Lili – July 2, 2018
I’m never quite sure what my friend Britta has been up to when I pay my now weekly visit to her at The Danish Home. Sometimes it’s baking; other times it’s a trip out for ice cream or, last month, a highly competitive game of bunco. When I arrived last week, she had just finished her daily exercise session, Morning Stretch.
“I was always very active in my youth,” Britta told me. “Obviously, I haven’t gone for a run for some time, but you’d be surprised at the difference a daily routine of stretching makes to these tired muscles. Not only do I feel energized, but it’s a lot of fun working out with my friends.”
I already knew not to visit until late morning on Tuesdays because that’s when residents can practice chair yoga. Since the nearest I get to exercise is paying for my daughters’ sneakers, I must admit I was a little taken aback, but it’s not so surprising for those who live at The Danish Home because back in Denmark, fitness has always been taken very seriously.
In March, the Danish government announced an initiative to encourage even more of its citizens to participate in exercise. The Employment, Health and Culture ministries are setting up a number of task groups to find ways to increase Danes’ participation.
Minister for Culture Mette Bock said, “We generally have high levels of participation in sport in Denmark but there are some groups of society that are not part of that community, and we must work together if we want them to join in.”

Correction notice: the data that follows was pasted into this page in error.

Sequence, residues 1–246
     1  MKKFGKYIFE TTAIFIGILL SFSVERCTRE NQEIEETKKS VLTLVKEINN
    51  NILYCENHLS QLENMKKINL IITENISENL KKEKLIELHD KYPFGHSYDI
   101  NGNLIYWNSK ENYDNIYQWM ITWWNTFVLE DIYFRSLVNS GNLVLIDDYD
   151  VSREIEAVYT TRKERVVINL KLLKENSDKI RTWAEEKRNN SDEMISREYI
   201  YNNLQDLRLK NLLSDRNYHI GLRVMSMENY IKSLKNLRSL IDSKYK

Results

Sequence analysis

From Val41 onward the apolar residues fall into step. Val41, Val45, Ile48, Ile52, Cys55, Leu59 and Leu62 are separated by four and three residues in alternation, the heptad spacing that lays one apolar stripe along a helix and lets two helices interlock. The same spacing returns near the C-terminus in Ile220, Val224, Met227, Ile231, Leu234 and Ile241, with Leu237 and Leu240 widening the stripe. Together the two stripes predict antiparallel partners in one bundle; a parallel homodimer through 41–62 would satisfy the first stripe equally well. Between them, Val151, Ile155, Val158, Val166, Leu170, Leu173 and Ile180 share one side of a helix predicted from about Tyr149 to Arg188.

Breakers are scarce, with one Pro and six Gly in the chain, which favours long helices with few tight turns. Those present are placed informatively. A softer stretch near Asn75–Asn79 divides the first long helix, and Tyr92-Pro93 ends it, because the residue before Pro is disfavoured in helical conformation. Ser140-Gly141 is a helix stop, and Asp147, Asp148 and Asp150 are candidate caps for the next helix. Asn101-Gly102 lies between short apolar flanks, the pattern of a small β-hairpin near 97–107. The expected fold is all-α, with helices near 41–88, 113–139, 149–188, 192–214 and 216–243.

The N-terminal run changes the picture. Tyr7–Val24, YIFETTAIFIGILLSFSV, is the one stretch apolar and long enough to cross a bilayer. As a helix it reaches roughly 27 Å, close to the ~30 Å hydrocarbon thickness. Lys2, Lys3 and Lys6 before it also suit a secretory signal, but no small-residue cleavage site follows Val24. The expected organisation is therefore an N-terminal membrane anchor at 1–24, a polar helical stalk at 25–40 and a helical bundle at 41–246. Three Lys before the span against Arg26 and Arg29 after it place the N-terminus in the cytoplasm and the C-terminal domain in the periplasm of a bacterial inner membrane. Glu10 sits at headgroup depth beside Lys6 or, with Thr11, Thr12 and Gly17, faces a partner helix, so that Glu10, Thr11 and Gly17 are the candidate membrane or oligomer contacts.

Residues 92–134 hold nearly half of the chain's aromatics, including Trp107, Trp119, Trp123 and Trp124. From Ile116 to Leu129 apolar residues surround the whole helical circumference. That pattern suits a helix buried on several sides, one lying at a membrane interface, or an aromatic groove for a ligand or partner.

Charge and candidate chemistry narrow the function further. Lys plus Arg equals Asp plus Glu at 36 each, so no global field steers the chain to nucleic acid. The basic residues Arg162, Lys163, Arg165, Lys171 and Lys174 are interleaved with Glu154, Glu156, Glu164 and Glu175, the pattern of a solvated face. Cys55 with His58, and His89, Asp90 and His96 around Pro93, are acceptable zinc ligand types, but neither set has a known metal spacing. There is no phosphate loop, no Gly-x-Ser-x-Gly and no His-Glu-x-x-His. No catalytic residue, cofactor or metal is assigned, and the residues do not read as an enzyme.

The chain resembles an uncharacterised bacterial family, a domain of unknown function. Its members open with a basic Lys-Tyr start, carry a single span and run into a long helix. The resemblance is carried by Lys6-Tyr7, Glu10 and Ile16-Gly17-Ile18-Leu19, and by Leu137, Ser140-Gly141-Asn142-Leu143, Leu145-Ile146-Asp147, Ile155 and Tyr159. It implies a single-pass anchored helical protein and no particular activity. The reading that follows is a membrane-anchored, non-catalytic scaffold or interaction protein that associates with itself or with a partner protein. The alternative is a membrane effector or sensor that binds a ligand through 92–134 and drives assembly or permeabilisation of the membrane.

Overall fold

Health minister Ellen Trane Norby said that people of all ages can benefit from being more active. “I think there is great potential in us becoming better at combining ideas on fitness and healthcare,” she said.
The Danes enjoy a variety of sports, with canoeing and, surprisingly, acrobatics among the most popular. Copenhagen has many canals and outdoor sea pools, and locals don’t mind using them even in the cold winter months. Aerial skills are especially popular among women who enjoy acrobatics and AcroYoga. In fact, the more common forms of yoga are soaring in popularity. Copenhagen has yoga studios all over the city and every gym offers a variety of yoga classes.
This year’s Copenhagen Yoga Festival will take place August 24-26. The program features a huge line of classes for all ages, plus music, opportunities to buy yoga-related accessories, and a food court.
Today, six percent of Danes regularly do yoga compared to just one percent in 1993. Yoga is popular with all ages, though teens prefer to practice at the gym and seniors like evening classes. Yoga’s rising star is part of a global trend, despite the fact that it has been around for about 3,000 years.
Jack Davis, the American owner of Yogacentralen in Fredericksberg, says he has certainly noticed an increase in membership, with waiting lists for many of his classes. “It may be that Danes are looking for the spirituality missing in their lives,” he suggested.
One of the many benefits of yoga as a form of exercise is that it can be done at any age. According to AARP, a cardiologist hit the headlines nearly 40 years ago with claims that combined with good diet and exercise, yoga could reverse heart disease. Since then, research into the effects of yoga on those over 50 has mushroomed.
For people over 70, yoga can help improve balance, sharpen the mind and boost brain chemicals that can improve mood. There are also claims that it can help such conditions as arthritis and diabetes.
“You’re inspiring me,” I confessed to Britta as our visit ended. “Maybe I’ll look into a yoga class myself.”